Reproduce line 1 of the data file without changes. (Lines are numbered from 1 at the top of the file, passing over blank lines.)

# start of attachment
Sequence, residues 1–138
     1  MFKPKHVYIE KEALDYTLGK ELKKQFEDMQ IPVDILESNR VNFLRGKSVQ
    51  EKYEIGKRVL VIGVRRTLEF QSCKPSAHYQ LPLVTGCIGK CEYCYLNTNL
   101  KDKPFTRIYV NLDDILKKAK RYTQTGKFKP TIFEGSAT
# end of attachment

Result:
Sequence, residues 1–138